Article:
Wisconsin Supreme Court Upholds Noneconomic Damages Cap
On Wednesday, June 27, the Supreme Court of Wisconsin in Mayo v. Wisconsin Injured Patients and Families Compensation Fund upheld the $750,000 cap on noneconomic damages in medical malpractice judgments and settlements. In reaching its decision, the court overturned a 2005 precedent, Ferdon v. Wisconsin Injured Patients Compensation Fund, which had struck down the previous noneconomic damages cap. 
History of Wisconsin’s Noneconomic Damages Cap
The first Wisconsin statute limiting medical malpractice noneconomic damages to $500,000 was enacted in 1975. The amount was increased to $1 million in 1986, later reduced to $350,000 in 1995. The $350,000 limit was judicially challenged twice by opponents – in 2000 and 2001 – and upheld both times by the court of appeals.
In 2005, the Supreme Court of Wisconsin struck down the statute ruling that the $350,000 limit on noneconomic damages violated the Wisconsin Constitution. According to the Ferdon Court, the cap unconstitutionally violated equal protection and due process of those victims whose damages exceeded the cap.
Shortly after the Ferdon decision in 2005, the Wisconsin Legislature enacted yet another statute limiting noneconomic damages at $450,000. The bill was vetoed by then Gov. Jim Doyle. A year later the Wisconsin Legislature enacted compromise legislation limiting noneconomic damages at $750,000, which was signed into law by Gov. Doyle.
Noneconomic Damages Cap Struck Down by Wisconsin Court of Appeals
The $750,000 cap was challenged by a patient who tragically lost all of her limbs when her physician failed to properly diagnosis a septic infection. The jury awarded the patient $16.5 million in noneconomic damages, which was reduced to $750,000 under the statutory limitation. The plaintiffs alleged that the statutory cap violated the Wisconsin Constitution’s due process and equal protections clauses. Citing Ferdon, the court of appeals held that the $750,000 limit was unconstitutional.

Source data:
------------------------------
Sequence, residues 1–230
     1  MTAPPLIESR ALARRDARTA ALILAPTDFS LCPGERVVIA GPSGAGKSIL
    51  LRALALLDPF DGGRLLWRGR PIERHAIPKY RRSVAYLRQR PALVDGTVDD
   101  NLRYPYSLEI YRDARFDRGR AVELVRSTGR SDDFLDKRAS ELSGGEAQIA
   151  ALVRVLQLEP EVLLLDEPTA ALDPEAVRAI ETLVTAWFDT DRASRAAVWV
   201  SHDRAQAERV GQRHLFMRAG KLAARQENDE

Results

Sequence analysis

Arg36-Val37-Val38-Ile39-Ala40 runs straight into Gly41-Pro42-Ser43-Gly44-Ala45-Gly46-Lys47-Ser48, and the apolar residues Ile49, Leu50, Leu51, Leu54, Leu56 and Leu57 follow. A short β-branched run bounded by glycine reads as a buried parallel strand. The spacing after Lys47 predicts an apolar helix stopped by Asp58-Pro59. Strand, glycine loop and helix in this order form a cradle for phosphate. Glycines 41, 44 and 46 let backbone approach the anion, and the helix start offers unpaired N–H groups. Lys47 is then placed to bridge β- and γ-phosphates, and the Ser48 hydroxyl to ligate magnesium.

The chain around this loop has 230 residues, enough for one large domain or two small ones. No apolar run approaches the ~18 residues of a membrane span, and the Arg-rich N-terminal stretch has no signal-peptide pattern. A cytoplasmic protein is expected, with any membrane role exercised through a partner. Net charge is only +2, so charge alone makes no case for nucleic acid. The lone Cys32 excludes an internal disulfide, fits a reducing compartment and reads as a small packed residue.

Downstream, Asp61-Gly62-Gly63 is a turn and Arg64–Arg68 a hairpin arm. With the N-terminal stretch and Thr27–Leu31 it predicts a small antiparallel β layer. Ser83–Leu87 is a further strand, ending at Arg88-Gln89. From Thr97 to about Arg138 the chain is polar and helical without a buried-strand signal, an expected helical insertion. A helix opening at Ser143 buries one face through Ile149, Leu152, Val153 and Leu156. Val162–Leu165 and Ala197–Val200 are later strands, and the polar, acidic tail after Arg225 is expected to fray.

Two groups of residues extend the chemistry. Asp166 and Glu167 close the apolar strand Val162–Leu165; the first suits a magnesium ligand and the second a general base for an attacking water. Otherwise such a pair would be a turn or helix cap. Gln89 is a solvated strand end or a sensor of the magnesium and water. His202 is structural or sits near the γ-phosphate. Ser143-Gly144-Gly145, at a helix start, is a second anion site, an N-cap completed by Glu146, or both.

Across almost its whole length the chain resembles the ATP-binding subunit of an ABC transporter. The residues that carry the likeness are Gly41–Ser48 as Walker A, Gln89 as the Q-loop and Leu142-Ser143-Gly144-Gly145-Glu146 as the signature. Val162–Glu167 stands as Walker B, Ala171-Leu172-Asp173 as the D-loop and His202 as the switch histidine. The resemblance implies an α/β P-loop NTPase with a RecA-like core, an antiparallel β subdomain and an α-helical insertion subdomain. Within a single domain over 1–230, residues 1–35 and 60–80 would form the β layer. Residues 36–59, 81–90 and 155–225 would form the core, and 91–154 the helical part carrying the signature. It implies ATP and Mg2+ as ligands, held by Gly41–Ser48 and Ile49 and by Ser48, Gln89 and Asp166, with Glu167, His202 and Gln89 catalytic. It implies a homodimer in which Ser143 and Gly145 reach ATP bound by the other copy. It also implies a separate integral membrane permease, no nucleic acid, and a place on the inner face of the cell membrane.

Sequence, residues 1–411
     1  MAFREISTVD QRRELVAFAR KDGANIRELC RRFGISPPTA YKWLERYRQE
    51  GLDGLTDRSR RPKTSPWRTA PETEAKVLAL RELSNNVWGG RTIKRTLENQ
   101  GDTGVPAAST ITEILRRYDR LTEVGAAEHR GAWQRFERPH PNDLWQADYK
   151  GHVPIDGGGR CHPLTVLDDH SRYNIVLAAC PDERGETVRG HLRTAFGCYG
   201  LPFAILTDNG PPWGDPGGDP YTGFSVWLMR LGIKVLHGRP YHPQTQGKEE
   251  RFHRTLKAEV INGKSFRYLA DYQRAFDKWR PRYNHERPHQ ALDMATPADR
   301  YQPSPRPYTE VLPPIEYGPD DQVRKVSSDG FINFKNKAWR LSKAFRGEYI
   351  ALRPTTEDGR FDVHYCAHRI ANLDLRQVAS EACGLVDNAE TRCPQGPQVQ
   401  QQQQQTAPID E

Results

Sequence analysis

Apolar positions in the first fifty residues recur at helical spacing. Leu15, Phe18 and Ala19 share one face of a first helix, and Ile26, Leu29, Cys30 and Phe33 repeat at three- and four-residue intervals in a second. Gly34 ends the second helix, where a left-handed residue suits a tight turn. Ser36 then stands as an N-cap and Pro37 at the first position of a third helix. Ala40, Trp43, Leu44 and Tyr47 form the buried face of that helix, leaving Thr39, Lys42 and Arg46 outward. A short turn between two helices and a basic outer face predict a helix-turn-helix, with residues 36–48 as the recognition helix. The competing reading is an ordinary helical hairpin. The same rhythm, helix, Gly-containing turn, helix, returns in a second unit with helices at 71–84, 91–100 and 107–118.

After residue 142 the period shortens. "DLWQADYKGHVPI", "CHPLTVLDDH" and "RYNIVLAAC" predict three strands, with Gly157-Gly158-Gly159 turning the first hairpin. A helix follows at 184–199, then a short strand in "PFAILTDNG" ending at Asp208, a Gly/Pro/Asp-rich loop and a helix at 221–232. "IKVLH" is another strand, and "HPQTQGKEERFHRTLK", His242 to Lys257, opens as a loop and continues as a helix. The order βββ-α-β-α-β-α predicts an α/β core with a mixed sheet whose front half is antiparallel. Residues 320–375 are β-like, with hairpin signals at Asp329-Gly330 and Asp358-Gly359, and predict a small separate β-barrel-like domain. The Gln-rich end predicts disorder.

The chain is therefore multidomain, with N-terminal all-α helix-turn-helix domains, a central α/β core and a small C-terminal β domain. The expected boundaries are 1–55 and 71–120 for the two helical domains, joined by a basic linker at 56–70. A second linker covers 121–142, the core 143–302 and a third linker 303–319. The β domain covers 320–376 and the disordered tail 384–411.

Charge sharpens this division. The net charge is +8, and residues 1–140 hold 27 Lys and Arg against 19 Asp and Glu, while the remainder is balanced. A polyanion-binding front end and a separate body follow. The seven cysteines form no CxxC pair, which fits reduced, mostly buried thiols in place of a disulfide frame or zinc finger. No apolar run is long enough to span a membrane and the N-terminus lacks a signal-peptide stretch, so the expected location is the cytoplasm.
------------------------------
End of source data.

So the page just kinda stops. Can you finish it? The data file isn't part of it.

Wisconsin Supreme Court Decision
Since the Ferdon decision, the makeup of the Wisconsin Supreme Court has shifted so that judicial conservatives now hold a majority. Splitting along typical ideological lines, the court in Mayo upheld (5-2) the statutory cap of $750,000. According to the court:
"We conclude that rational basis is the proper standard by which to judge the constitutionality of [the $750,000 cap]; that [the cap] is facially constitutional and constitutional as applied to the Mayos; and that Ferdon erroneously invaded the province of the legislature and applied an erroneous standard of review. Accordingly, we reverse the court of appeals' decision, overrule Ferdon, and conclude that the $750,000 cap on noneconomic damages in medical malpractice judgments and settlements is constitutional both facially and as applied to the Mayos."
In her dissent, Justice Ann Walsh Bradley, joined by Justice Shirley Abrahamson, argued the plaintiffs “will receive merely five percent of what a jury assessed was due for their noneconomic damages, while those less severely injured will get 100 percent.” The dissent further stated that it “makes no sense that those who are injured most get the least.”
 2018 WI 78.
 284 Wis. 2d, 701 N.W. 2d 440 (Wis. 2005)